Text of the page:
Money, money, money

There's a four-part test that courts use to decide if something is covered under the fair use exception, but as most things in the legal world are concerned, it mostly comes down to the first factor: profit. Arguably the most weighted question is whether the work was being created to garner some profit off of someone's characters, settings, etc. Let's look at two different fan fiction authors.

First, we've got Jimmy. Jimmy loves him some Warcraft, so he pens an artistic tale of love and redemption for his favorite character in the game, "Silvermoon" Harry. "Silvermoon" Harry's story involves the band of pirates he hangs with out at Scalawag Point, and the back-and-forth, romantic, cat-and-mouse relationship he has with his dashing "blood elf" mistress, probably instrumental in Yogg-Saron's imprisonment. Jimmy wrote this wonderful story on his laptop, printed out a few copies and handed them out to his friends. No profit, no problem. Does Blizzard really care enough to sue little Jimmy for using its characters when, really, it's not hurting its brand? (Well, maybe among Jimmy's circle of friends. Or maybe it's just hurting Jimmy's reputation ...)

Second, we've got Thrall and Friends, publishers extraordinaire. These guys compile fan fiction stories into volumes and sell them at trade shows. Things become more interesting because profit is now involved. Let's say a random author writes "Thrall's Story: The Real Truth," a tell-all narrative about the life and times of Thrall included in a compilation. An original character is created to be his buddy in this Kerouac-esque movement piece set in Hillsbrad. The book sells for cash. The profits of this book can be directly linked to the inclusion of a copyrighted character. Further, one could argue that this book's audience now sees this copyrighted character in a canonical new light, hurting Blizzard's brand.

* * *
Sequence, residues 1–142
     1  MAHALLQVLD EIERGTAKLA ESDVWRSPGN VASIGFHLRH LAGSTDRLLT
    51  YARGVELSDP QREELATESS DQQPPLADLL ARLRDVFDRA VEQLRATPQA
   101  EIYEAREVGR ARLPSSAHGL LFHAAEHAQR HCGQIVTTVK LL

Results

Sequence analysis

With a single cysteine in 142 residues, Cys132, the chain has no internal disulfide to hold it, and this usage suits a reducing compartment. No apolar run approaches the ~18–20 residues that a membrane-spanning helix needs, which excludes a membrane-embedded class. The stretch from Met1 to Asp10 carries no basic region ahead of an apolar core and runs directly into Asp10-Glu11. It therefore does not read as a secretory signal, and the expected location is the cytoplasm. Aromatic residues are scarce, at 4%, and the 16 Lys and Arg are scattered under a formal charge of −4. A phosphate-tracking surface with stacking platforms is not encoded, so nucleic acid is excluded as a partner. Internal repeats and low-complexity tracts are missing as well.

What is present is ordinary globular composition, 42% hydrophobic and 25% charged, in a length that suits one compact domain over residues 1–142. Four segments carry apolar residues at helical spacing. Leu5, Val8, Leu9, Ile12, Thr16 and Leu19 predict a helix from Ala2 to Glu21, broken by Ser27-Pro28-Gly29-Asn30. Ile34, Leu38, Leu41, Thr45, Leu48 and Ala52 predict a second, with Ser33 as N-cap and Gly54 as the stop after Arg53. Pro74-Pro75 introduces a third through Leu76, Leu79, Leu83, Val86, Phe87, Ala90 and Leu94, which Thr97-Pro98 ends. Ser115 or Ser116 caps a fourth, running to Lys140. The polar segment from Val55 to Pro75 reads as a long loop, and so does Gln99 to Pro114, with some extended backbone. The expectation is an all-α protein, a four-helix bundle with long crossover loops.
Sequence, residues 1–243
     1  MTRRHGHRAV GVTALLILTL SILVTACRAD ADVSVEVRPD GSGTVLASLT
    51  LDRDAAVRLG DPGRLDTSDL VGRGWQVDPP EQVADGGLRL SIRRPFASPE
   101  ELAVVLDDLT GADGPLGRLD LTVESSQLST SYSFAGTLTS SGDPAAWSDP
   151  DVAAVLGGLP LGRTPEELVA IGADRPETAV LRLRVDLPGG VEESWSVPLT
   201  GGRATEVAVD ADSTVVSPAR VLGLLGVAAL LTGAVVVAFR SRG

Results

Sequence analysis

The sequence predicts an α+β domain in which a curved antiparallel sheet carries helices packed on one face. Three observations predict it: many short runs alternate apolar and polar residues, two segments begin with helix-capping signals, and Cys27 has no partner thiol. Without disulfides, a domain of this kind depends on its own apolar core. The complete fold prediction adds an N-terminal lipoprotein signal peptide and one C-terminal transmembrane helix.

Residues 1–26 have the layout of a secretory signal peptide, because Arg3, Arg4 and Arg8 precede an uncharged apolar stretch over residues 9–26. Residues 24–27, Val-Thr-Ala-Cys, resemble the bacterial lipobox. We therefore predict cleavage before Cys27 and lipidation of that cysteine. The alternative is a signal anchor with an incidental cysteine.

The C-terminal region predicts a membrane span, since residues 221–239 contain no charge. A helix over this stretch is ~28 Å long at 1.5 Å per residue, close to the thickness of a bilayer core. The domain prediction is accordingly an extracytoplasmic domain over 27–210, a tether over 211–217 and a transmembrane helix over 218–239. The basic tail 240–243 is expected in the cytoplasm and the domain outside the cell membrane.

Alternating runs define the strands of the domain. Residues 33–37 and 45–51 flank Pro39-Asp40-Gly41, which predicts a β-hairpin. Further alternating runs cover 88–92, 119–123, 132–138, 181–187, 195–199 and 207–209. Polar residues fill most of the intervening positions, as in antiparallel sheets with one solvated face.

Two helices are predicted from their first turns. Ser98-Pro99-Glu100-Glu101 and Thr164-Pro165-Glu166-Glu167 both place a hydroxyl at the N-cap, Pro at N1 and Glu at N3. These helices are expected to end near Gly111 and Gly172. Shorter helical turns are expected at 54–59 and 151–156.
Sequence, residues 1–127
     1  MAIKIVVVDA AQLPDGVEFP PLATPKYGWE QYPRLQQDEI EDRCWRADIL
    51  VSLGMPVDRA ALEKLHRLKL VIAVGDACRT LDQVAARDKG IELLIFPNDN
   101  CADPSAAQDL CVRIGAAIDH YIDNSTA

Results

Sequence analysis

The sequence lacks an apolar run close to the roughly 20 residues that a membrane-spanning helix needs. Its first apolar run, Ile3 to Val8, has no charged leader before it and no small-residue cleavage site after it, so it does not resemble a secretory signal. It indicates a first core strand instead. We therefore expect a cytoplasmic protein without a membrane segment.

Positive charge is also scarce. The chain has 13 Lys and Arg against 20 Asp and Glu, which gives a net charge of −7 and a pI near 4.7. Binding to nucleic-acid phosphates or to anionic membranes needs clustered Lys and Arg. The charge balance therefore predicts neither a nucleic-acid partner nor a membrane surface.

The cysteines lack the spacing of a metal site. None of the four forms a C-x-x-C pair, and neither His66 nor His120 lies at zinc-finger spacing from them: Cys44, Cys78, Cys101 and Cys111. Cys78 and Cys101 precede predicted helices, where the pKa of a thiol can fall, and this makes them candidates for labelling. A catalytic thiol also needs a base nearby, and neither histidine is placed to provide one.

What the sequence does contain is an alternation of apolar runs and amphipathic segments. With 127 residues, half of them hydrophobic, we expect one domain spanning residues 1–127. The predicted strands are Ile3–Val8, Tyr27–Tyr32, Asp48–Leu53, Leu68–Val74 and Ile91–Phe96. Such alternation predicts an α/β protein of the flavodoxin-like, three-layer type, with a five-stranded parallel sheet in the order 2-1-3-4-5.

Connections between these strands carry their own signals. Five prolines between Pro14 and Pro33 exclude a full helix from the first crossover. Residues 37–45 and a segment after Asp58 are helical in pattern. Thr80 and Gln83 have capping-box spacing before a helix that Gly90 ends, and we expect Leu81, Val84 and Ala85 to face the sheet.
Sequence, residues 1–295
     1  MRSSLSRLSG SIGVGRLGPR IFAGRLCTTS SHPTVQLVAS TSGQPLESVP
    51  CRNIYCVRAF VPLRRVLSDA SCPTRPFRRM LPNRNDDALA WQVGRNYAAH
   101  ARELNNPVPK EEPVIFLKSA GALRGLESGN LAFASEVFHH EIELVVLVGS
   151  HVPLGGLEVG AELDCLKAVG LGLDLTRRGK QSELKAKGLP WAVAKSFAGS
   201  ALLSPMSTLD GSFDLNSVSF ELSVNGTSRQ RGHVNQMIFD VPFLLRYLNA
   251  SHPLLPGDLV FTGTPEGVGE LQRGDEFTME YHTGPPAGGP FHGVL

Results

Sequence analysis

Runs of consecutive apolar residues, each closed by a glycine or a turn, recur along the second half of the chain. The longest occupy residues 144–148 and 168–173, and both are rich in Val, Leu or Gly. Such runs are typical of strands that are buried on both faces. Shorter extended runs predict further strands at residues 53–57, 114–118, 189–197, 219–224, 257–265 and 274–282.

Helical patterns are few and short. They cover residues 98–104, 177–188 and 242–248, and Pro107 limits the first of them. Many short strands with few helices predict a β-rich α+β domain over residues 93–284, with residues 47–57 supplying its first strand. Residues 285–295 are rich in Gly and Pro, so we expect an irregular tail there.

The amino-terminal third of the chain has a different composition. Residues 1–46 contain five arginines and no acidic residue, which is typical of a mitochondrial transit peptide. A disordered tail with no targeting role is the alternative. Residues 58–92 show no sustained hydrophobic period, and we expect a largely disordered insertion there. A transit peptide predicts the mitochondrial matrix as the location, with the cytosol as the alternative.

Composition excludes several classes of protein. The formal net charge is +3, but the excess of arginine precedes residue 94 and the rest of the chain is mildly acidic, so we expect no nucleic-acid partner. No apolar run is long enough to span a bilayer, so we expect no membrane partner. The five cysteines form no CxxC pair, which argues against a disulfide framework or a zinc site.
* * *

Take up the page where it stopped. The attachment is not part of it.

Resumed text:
Take the profit motive to the next level. A site like, for instance, is ad-supported through Google's ad programs. This repository of all types of fan fiction includes copyrighted characters and stories for which no authors or companies have given permission for their characters' use, but the site still makes money. has a copyright policy akin to the Digital Millenium Copyright Act's "takedown" notice, which allows copyright holders to ask for the infringing works to be taken down. You've seen it in action before -- YouTube regularly pulls down copyrighted material at the request of the copyright holders.